On May 21, 2012, the Governor of Tennessee signed into law legislation that eliminates its gift tax and phases out its inheritance tax.
The legislation phases out the Tennessee inheritance tax by gradually increasing the state exemption amount (currently $1 million for 2012) through 2015, culminating with full repeal, as follows:
- $1.25 million exemption for individuals dying in 2013;
- $ 2 million exemption for individuals dying in 2014; and
- $ 5 million exemption for individuals dying in 2015.
The inheritance tax won’t apply to individuals dying in 2016 or thereafter.
The bill, as originally introduced, repealed the Tennessee gift tax beginning in 2013. However, pursuant to an amendment made on the eve of passage, the bill as enacted repeals the gift tax retroactively to Jan. 1, 2012. However, it doesn’t eliminate liability for taxes imposed during prior years.
Previously, Tennessee taxed gifts based on the relationship of the recipient to the donor. Gifts to “Class A” beneficiaries (including spouses, descendants and siblings) were taxed at a lower rate than gifts to “Class B” beneficiaries. Additionally, while there was an annual exclusion equal to the federal exclusion for gifts to Class A beneficiaries, gifts to Class B beneficiaries qualified for a reduced annual exclusion amount only.
The last-minute change to repeal the Tennessee gift tax retroactively to Jan. 1, 2012 presents a significant planning opportunity. With the enhanced federal estate and gift tax exemption of $5.12 million slated to sunset after this year, there might now be an opportunity to use the federal exemption amount without a state gift tax consequence.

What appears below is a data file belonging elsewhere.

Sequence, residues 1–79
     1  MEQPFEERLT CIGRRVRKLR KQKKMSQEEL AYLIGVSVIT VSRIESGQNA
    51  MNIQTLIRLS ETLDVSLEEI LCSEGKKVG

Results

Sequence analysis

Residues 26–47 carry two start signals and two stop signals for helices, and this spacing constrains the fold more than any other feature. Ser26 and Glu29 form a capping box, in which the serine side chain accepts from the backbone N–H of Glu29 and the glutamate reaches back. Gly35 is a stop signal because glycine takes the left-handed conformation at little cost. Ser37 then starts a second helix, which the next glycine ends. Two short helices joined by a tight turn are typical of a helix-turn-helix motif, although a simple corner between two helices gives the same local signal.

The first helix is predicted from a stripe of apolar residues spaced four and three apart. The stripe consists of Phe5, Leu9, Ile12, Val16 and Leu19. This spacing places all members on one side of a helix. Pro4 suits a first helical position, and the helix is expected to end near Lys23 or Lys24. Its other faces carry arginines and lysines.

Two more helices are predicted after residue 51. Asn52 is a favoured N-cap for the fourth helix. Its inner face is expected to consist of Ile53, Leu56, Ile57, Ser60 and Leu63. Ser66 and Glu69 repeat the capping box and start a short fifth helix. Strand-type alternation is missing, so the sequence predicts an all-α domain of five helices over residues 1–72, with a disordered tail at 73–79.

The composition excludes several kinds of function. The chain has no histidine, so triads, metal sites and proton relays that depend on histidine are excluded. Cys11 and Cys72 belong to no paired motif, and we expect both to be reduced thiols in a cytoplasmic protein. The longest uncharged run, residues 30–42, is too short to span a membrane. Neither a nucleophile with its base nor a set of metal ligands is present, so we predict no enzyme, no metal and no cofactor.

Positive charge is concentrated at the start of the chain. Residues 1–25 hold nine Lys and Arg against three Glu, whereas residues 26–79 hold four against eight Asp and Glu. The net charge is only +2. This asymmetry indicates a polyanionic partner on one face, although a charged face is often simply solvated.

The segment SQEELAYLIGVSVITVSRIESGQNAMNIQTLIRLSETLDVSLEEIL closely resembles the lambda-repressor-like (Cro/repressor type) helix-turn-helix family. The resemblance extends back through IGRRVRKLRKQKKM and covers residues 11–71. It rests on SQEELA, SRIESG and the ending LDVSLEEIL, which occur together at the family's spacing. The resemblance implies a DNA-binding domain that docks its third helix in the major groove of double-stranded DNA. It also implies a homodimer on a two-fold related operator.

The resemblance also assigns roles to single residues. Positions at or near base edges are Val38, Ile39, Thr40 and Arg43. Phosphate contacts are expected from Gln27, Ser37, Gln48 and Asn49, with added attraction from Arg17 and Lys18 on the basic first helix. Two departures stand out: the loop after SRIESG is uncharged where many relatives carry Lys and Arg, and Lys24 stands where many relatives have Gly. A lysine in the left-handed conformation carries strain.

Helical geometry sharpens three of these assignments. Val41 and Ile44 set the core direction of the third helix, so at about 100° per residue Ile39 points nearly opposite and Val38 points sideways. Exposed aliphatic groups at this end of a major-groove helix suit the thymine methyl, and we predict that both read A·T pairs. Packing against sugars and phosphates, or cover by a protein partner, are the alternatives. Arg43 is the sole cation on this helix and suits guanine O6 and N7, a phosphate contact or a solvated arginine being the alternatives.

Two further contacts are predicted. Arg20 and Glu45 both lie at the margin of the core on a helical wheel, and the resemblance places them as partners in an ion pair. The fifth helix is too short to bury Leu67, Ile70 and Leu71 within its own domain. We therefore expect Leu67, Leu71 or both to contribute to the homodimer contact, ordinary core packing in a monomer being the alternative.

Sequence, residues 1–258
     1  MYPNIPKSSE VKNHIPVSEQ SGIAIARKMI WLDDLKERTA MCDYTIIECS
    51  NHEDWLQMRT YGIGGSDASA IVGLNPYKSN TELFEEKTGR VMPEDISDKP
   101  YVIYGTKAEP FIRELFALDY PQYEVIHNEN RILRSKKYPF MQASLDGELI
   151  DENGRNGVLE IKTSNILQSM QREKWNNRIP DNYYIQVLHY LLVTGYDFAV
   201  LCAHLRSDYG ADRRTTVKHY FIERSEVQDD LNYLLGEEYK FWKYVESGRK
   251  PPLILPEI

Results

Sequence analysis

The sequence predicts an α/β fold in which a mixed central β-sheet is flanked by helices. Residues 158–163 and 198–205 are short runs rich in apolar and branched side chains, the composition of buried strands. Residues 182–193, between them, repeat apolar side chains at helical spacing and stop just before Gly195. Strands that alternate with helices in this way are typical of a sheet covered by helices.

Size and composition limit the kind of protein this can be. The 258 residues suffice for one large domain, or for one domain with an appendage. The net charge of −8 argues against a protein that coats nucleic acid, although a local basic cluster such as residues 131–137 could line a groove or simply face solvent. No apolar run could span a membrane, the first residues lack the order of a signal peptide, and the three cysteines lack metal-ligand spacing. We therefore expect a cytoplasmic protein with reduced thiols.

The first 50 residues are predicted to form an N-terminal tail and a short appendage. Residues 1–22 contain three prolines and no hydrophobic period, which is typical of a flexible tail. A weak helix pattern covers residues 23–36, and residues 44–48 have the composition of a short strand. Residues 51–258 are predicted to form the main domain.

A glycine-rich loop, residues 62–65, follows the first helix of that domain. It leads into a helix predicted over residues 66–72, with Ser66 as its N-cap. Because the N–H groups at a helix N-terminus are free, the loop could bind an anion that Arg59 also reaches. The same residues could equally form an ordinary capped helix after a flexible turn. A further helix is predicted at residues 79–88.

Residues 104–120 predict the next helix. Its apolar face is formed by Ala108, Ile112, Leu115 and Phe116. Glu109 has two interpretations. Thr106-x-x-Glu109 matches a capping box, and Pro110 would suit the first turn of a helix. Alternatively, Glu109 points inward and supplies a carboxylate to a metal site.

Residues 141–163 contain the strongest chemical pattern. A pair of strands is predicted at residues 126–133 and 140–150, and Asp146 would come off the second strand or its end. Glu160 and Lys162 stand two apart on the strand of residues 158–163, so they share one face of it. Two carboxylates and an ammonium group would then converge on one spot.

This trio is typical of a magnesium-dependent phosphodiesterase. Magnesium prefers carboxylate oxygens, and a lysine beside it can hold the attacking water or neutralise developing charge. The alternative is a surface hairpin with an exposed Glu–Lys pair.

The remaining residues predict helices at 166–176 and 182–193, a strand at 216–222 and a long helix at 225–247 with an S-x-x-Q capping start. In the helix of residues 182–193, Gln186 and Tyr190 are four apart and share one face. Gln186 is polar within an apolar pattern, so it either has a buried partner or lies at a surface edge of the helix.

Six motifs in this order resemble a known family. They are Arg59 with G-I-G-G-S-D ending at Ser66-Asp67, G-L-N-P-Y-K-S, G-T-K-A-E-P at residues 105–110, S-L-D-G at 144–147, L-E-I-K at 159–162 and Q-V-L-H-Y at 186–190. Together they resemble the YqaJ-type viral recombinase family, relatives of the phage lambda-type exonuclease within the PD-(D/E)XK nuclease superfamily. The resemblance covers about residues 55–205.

Last Man Standing?
Before the recent passage of this legislation, Tennessee and Connecticut were the only remaining U.S. jurisdictions that imposed a separate state gift tax. Connecticut now has the dubious honor of being the only jurisdiction in the country that imposes a gift tax.
Interestingly, according to a Tennessee General Assembly Fiscal Review Committee Memorandum, the recurring decrease in state revenue as a result of repealing the state’s gift tax is estimated to be partially offset by increased taxpayer spending. Specifically, it’s estimated that 50 percent of the gift tax savings will be spent on other sales-taxable goods and services. A modest decrease in state expenditures is also estimated due to the anticipated elimination of several Department of Revenue audit positions, which were rendered unnecessary as a result of no longer having to administer the gift tax. Although secondary economic impacts weren’t expressed to be quantifiable with reasonable certainty, increases in revenue were projected to be possible if the state’s population increased as a result of reduced tax liability. Increases in expenditures were also projected to be possible if the demand for governmental programs increased as a result of population increases.
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